Patricia Popelier, Sarah Lambrecht, and Koen Lemmens have just published an edited volume entitled ‘Criticism of the European Court of Human Rights. Shifting the Convention system: Counter-Dynamics and the National and EU Level.’ The book was published in Intersentia’s law and Cosmopolitan Values Series. The full table of contents can be found here. This is the abstract:
„For some time now, the European Court of Human Rights is under substantial pressure. From a case overload crisis it stumbled into a legitimacy crisis with regard to certain countries. This should be taken seriously, since scholars warn that institutions with eroding legitimacy risk demise or reform. The goal of this volume is to explore how widespread this critical attitude of the European Court of Human Rights really is. It also assesses to what extent such criticism is being translated in strategies at the political level or at the judicial level and brings about concrete changes in the dynamics between national and European fundamental rights protection. The book is topical and innovative, as these questions have so far remained largely unexplored, especially cross-nationally.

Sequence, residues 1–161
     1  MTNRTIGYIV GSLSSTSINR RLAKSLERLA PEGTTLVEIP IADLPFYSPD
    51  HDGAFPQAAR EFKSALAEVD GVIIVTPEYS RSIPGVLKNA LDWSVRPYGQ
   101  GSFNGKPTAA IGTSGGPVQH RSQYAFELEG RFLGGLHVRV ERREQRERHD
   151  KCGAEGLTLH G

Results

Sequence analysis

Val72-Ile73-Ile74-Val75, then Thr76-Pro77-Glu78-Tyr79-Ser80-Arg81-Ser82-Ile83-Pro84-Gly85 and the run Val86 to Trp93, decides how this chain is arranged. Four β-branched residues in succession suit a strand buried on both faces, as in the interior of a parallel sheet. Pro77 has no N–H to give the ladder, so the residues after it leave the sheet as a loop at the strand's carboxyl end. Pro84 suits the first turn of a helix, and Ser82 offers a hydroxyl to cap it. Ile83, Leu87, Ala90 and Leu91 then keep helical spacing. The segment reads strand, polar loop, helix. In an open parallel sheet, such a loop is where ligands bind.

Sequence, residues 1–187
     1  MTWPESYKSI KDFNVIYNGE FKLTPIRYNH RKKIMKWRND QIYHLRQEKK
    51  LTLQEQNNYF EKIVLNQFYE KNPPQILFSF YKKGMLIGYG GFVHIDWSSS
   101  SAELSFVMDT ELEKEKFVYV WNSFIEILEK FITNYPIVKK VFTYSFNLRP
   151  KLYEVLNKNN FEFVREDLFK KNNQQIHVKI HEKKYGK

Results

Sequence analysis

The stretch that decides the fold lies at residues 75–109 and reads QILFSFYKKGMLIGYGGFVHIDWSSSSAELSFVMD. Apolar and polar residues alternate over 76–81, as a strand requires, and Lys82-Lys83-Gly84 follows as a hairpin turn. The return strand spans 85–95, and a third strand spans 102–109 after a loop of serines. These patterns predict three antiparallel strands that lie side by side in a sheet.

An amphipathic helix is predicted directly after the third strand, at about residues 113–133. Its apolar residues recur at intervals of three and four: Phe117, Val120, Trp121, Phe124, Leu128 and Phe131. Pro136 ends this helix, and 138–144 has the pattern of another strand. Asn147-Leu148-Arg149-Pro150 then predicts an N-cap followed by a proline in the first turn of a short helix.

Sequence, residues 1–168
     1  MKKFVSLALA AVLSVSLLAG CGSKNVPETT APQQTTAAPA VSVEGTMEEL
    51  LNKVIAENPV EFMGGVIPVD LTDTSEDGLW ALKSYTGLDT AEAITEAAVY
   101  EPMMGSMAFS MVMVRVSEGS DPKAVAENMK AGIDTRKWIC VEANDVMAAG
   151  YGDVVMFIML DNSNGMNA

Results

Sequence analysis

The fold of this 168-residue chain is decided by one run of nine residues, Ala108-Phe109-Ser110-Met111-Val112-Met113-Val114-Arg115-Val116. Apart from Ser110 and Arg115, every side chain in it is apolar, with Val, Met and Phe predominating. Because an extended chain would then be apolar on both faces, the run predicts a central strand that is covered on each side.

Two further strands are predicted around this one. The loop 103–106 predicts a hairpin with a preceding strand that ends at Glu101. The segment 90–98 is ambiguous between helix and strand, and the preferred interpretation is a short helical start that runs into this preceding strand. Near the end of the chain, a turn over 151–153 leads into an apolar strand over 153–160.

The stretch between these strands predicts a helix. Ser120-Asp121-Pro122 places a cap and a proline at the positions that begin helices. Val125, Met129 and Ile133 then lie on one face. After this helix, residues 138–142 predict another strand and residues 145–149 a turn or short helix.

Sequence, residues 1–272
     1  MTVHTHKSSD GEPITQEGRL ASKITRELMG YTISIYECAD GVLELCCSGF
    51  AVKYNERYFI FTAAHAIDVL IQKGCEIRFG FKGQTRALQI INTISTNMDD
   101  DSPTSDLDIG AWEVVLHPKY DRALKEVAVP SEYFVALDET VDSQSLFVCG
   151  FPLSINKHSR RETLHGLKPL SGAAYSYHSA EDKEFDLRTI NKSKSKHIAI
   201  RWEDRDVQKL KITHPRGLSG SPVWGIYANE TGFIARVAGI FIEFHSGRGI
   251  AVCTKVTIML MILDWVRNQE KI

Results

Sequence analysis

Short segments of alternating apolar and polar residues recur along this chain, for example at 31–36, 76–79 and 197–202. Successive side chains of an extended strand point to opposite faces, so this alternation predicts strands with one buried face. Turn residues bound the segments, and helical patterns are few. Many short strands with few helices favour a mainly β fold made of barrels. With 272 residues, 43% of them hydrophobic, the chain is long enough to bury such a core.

Far from focusing exclusively on those voices that are currently raised so loud, conclusions are based on comparative in-depth reports, covering fifteen Contracting Parties and the EU.
With contributions of Olgun Akbulut, Tilmann Altwicker, Katarzyna Blay-Grabarczyk, Anna Gamper, Janneke Gerards, Krystyna Kowalik-Bańczyk, Sarah Lambrecht, Koen Lemmens, Lubomir Majerčík, Giuseppe Martinico, Roger Masterman, Aaron Matta, Christophe Maubernard, Armen Mazmanyan, Katharina Pabel, Eszter Polgári, Patricia Popelier, Clara Rauchegger, Michael Reiertsen and Henrik Wenander.”